Monday, December 10, 2012

Novel Thoughts #3: Pet Peeves

Welcome to the third edition of Novel Thoughts! Today we're discussing something I think everyone will be able to chime in on: book pet peeves.

Now, since there are a couple pet peeves that I think have been covered thoroughly by the book blogging community (I think the term "insta-love" is proof of that) I decided to talk about a pet peeve I don't think I've ever seen discussed before—it's when a character gets seriously hurt (as in, getting shot) and is in incredible pain in the moment, and then is fine when the scene is over.

I can't be the only one who's noticed this—I've read countless dramatic dystopians with war/government takeover scenes and someone will get shot in the shoulder or the leg (apparently those are the only two targets an evildoer can successfully hit). That's all nice and dramatic in that chapter, sure, but how often do you see that injury mentioned again? Where are the weeks of recovery? The mention of a scar? Something?

Check out the other Novel Thoughts posts below, and don't forget to submit a topic for us all to discuss together here!


So let me know in the comments if you've noticed this as well, or if you've seen realistic injuries in books!

My Life Next Door by Huntley Fitzpatrick

"Everything was wonderful and then everything was awful."
My Life Next Door

A gorgeous debut about family, friendship, first romance, and how to be true to one person you love without betraying another.

The Garretts are everything the Reeds are not. Loud, numerous, messy, affectionate. And every day from her balcony perch, seventeen-year-old Samantha Reed wishes she was one of them . . . until one summer evening, Jase Garrett climbs her terrace and changes everything. As the two fall fiercely in love, Jase's family makes Samantha one of their own. Then in an instant, the bottom drops out of her world and she is suddenly faced with an impossible decision. Which perfect family will save her? Or is it time she saved herself?

A dreamy summer read, full of characters who stay with you long after the story is over.

Something I've picked up on while reading is that, more often than not, main characters rarely have more than one sibling, if they have any at all. Coming from a big family myself, I've noticed that they don't pop-up in books too often. My Life Next Door is definitely an exception. The Garretts are a family of ten (count it, that's eight kids) and they were literally my favorite thing about this book. They're so realistic—it's not just a book full of big family stereotypes. The author does a fantastic job of bringing a real big family to life: there's differences from your normal family, definitely, but every moment isn't like a scene from Cheaper by the Dozen. The best part, I think, was seeing it through our main character Samantha's eyes. Having lived her life with a completely different family dynamic, I loved seeing her reactions.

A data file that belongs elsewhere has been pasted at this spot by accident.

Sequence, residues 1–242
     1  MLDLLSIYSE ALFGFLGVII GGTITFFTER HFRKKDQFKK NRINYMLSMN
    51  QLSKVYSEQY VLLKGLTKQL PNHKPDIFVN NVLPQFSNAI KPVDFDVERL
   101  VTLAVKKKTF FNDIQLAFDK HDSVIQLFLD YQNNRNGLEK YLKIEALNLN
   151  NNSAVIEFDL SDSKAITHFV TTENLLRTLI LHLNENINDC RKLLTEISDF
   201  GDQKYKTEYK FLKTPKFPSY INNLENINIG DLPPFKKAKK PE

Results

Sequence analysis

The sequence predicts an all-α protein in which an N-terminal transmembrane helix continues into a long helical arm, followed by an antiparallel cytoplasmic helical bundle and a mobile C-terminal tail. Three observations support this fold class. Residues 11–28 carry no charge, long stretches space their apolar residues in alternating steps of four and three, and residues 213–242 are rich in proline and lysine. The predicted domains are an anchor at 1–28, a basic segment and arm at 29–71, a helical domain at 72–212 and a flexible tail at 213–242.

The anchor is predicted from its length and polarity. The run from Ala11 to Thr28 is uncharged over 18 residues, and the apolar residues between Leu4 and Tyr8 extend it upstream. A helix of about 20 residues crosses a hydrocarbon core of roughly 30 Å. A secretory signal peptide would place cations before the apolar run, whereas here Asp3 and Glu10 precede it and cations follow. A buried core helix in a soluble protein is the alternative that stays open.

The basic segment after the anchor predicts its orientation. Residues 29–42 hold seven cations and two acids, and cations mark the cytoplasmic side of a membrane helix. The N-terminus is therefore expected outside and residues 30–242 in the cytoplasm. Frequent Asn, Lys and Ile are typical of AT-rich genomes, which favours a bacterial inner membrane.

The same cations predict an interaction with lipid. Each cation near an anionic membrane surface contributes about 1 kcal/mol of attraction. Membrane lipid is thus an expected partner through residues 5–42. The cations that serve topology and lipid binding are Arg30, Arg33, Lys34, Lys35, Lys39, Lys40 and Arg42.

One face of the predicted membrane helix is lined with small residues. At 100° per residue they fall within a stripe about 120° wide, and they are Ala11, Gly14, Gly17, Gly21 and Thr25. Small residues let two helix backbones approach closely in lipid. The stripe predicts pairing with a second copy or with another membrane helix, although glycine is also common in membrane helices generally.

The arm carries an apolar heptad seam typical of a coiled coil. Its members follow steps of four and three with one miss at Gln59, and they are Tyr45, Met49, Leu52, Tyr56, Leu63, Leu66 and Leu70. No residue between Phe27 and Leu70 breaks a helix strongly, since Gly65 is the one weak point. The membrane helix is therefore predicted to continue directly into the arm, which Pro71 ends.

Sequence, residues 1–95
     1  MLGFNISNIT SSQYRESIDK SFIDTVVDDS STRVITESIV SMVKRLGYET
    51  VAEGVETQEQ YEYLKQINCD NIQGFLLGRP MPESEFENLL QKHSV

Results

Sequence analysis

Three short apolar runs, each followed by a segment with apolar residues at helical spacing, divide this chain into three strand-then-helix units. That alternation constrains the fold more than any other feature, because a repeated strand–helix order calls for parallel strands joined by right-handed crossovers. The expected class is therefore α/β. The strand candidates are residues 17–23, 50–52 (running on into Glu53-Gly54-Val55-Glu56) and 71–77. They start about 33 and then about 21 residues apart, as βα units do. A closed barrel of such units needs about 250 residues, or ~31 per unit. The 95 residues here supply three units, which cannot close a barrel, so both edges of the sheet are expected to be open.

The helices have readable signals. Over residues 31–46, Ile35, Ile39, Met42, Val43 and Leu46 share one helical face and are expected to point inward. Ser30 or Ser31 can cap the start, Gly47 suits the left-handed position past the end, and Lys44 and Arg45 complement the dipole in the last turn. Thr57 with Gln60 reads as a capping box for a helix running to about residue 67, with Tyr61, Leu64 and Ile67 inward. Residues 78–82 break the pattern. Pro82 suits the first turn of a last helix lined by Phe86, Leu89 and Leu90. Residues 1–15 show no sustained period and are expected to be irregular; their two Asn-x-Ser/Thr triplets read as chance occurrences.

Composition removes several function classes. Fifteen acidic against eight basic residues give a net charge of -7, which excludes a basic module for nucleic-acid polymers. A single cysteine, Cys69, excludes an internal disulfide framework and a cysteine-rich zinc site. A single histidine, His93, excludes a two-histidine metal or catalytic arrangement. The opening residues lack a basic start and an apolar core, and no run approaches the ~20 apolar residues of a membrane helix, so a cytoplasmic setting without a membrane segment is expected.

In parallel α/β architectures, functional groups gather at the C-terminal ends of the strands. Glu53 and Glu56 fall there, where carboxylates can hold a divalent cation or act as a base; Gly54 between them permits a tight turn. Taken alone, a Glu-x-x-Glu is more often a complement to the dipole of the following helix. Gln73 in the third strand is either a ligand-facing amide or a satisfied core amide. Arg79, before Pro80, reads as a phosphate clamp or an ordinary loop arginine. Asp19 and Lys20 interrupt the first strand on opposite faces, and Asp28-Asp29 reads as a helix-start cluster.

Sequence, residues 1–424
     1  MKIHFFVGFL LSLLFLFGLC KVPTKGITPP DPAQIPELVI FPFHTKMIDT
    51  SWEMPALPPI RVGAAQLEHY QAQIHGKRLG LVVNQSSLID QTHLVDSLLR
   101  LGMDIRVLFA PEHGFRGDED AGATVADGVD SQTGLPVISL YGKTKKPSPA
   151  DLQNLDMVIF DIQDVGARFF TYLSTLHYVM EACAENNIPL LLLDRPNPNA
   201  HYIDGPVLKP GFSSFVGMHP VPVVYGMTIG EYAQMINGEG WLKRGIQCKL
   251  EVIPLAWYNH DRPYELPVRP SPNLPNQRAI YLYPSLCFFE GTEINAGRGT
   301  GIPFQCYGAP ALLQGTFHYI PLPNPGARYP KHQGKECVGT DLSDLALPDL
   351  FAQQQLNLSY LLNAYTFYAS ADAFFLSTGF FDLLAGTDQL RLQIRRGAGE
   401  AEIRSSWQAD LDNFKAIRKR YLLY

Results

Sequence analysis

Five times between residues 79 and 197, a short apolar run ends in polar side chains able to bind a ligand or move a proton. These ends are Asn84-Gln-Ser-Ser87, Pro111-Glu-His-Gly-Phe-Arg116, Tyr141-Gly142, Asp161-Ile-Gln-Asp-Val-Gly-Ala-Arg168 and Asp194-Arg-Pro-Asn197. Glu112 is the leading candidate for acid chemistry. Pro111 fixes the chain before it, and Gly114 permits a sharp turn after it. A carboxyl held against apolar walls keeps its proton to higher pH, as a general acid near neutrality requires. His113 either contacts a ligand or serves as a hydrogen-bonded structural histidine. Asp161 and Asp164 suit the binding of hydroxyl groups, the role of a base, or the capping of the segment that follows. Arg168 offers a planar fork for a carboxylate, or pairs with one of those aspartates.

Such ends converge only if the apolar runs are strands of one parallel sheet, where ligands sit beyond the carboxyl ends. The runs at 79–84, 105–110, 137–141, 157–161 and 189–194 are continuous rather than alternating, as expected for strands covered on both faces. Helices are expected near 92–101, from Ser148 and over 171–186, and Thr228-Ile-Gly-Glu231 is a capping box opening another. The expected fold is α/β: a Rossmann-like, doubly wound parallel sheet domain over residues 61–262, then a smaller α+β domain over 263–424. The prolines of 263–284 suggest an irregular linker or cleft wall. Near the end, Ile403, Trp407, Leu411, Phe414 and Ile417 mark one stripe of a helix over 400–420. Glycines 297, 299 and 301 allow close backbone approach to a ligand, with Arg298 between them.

Samantha, while we're on the topic, is just as realistic as a character as each of the Garretts. While most of us aren't in a situation similar to hers—a mother campaigning for office, rich, the golden child—it still feels somehow completely relatable.

And now, since it is a love story at its base, I've got to talk about the relationship. Jase is now high on my list of favorite fictional boys. Really—he's fantastic. He's sweet as can be, loves his family to death, and wonderfully honest. I rooted for him and Samantha the whole way through.

Usually when I'm writing a three-heart review, especially one where I've already listed so many good things, the bad parts of the book instantly spring to mind. This isn't one of those cases—it just felt like a three-heart book. While I loved the characters I mentioned and more that I didn't, I didn't love the book. I think, in part, it's because there's so many sad things that are happening or happen during the book, like Nan and her drugged-up brother. I hate to see people struggle, and when it's so realistic, it's just ten times worse. 

Just a reminder that this book is sort of PG-13—while it's not packed to the brim with cursing, there's that one character who makes the story particularly colorful. And it is a love story, so if those kind of things bother you, I'd steer clear of this one.

While I'd recommend it, this book isn't my new favorite. If you're looking for a summer read to make it through these winter months, you might just want to check this one out.